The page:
By Dr. Lincoln Choudhury, independent consultant on behalf of Harm Reduction International

The COVID-19 pandemic and the actions taken by governments to contain it have had a profound impact on health services around the world, including harm reduction. As the World Bank announced an unprecedented global recession, the World Health Organization (WHO) and UNAIDS warned of supply chain disruptions, which could lead to increased deaths among people living with HIV and reverse the hard-fought gains of the global HIV response.

In April 2020, a civil society statement on COVID-19 and people who use drugs endorsed by over 300 organisations and individuals called upon the international community to ‘ensure, through policy guidelines and financial and political support, that national, regional and global responses to this pandemic take the needs of people who use drugs into account and respect the fundamental rights of all.’3 In May 2020, Harm Reduction International (HRI) and the International Network of People who Use Drugs (INPUD) called upon donors and governments to safeguard funding for harm reduction throughout the COVID-19 pandemic and support service providers to adapt to related restrictions.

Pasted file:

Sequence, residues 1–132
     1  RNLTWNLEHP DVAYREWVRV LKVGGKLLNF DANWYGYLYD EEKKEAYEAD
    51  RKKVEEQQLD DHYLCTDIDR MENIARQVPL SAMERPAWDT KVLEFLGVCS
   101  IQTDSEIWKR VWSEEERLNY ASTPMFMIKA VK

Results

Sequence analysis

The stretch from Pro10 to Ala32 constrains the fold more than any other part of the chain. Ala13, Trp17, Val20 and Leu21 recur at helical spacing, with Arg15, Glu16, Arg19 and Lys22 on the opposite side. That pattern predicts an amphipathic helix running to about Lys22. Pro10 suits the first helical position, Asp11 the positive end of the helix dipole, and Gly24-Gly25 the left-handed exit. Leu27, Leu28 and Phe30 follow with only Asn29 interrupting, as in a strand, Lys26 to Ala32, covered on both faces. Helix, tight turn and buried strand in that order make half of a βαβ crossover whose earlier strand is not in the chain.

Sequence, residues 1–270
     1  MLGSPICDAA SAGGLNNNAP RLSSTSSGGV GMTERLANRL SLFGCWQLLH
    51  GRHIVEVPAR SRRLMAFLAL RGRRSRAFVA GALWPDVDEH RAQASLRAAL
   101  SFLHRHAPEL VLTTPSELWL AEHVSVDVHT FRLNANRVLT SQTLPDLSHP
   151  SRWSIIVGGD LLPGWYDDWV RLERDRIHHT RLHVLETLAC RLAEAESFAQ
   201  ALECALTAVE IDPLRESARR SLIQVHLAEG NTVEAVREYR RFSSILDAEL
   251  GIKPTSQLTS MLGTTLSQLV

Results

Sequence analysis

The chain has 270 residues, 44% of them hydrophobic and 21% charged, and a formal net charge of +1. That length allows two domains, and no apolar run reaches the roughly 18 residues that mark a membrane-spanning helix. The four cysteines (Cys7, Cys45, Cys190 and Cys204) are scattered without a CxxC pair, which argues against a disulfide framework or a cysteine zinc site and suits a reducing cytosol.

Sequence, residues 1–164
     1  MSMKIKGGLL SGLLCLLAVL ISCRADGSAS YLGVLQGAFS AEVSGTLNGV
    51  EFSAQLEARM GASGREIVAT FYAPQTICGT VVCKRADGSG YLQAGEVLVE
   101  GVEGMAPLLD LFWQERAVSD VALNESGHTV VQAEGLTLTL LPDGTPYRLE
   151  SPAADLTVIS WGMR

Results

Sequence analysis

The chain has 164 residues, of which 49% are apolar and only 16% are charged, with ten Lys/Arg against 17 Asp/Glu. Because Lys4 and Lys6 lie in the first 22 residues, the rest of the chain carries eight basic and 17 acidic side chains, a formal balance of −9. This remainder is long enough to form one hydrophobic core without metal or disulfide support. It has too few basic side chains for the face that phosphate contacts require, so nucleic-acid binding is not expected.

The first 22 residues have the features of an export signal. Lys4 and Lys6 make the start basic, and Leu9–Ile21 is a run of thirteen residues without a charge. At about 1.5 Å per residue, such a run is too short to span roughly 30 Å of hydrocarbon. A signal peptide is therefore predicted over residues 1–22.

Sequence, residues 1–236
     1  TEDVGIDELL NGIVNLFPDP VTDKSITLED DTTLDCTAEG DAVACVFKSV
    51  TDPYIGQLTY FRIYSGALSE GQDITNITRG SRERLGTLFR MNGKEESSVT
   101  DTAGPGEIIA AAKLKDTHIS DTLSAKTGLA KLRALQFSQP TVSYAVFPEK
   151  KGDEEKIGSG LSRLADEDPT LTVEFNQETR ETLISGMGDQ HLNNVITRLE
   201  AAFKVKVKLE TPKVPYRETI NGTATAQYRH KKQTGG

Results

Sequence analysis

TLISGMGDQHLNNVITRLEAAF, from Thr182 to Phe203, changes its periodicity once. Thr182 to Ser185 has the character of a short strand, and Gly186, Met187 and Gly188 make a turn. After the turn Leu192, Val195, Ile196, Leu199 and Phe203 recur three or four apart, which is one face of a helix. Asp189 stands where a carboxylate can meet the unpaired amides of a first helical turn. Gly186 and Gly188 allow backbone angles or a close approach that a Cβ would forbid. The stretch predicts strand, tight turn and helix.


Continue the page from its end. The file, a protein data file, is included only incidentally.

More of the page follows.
Understanding the impact of COVID-19 on harm reduction funding and service provision is essential for informing donor and government action as well as civil society advocacy. This report compiles evidence from civil society in seven Asian countries (Cambodia, India, Indonesia, Nepal, Thailand, the Philippines and Vietnam) between January and July 2020. The burden of COVID-19 and the response to it at national and local levels differed between these countries. All implemented some degree of physical distancing, the use of masks in public places and promoted hand hygiene. Although most imposed short duration, locally-based physical distancing or lockdown measures, India and Nepal imposed more rigorous, country-wide requirements.